Proceedings, Fourteenth International Conference on Principles of Knowledge Representation and Reasoning (KR-14)
The KR Conference series is a leading forum for timely in- depth presentation of progress in the theory and principles underlying the representation and computational management of knowledge. The 2014 KR conference was held as part of the Vienna Summer of Logic, a consortium of 12 conferences and 82 workshops organized by the Kurt Gödel Society at the Vienna University of Technology.
We investigate conjunctive query inseparability of description logic (DL) knowledge bases (KBs) with respect to a given signature, a fundamental problem for KB versioning, module extraction, forgetting and knowledge exchange. We study the data and combined complexity of deciding KB query inseparability for fragments of Horn-ALCHI, including the DLs underpinning OWL 2 QL and OWL 2 EL. While all of these DLs are P-complete for data complexity, the combined complexity ranges from P to EXPTIME and 2EXPTIME. We also resolve two major open problems for OWL 2 QL by showing that TBox query inseparability and the membership problem for universal UCQ-solutions in knowledge exchange are both EXPTIME-complete for combined complexity.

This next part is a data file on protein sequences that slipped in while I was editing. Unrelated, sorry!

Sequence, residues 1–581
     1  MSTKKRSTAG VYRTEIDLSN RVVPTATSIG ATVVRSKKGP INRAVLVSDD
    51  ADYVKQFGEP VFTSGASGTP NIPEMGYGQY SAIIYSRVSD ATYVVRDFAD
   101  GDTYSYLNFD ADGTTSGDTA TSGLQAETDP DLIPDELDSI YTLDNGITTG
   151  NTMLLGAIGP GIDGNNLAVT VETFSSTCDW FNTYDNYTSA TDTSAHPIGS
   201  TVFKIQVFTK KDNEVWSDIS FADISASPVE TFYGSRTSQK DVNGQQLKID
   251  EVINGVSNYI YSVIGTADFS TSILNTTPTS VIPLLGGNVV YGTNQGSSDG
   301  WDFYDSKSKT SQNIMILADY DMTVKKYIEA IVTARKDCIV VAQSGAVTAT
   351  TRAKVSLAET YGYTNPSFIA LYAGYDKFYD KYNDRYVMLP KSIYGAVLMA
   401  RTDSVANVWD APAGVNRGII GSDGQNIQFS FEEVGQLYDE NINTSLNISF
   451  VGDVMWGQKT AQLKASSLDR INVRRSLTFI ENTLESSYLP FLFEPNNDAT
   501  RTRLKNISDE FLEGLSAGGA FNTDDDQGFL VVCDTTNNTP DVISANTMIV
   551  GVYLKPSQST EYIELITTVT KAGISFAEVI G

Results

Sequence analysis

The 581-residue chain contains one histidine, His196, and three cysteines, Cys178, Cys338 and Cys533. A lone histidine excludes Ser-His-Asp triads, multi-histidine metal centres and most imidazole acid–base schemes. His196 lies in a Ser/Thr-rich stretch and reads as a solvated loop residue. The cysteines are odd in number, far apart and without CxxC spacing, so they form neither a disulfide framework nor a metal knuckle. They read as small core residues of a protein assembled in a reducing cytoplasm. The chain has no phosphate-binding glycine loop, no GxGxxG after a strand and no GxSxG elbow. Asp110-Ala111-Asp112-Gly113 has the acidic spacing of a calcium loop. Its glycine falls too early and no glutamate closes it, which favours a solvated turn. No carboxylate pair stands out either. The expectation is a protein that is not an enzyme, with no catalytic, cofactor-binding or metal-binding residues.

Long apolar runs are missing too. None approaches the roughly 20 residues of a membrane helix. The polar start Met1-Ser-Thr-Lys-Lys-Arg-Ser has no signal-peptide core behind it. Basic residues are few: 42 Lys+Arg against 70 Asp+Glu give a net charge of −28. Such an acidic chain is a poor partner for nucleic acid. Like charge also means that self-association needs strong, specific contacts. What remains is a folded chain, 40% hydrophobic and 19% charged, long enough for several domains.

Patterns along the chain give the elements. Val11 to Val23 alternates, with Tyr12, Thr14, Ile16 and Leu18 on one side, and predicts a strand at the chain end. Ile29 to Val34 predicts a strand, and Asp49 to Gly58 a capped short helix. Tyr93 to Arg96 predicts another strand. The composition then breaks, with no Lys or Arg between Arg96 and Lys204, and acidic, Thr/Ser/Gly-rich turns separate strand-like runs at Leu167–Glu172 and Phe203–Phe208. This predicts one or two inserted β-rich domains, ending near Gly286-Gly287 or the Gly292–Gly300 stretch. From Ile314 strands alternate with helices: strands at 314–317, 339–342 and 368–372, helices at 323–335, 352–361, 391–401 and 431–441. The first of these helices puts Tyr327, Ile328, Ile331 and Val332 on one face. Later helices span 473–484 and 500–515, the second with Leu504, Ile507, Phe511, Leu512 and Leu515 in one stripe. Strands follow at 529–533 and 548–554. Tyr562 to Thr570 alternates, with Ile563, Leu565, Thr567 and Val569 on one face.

Boolean games are an expressive and natural formalism through which to investigate problems of strategic interaction in multiagent systems. Although they have been widely studied, almost all previous work on Nash equilibria in Boolean games has focused on the restricted setting of pure strategies. This is a shortcoming as finite games are guaranteed to have at least one equilibrium in mixed strategies, but many simple games fail to have pure strategy equilibria at all. We address this by showing that a natural decision problem about mixed equilibria: determining whether a Boolean game has a mixed strategy equilibrium that guarantees every player a given payoff, is NEXP-hard. Accordingly, the epsilon variety of the problem is NEXP-complete. The proof can be adapted to show coNEXP-hardness of a similar question: whether all Nash equilibria of a Boolean game guarantee every player at least the given payoff.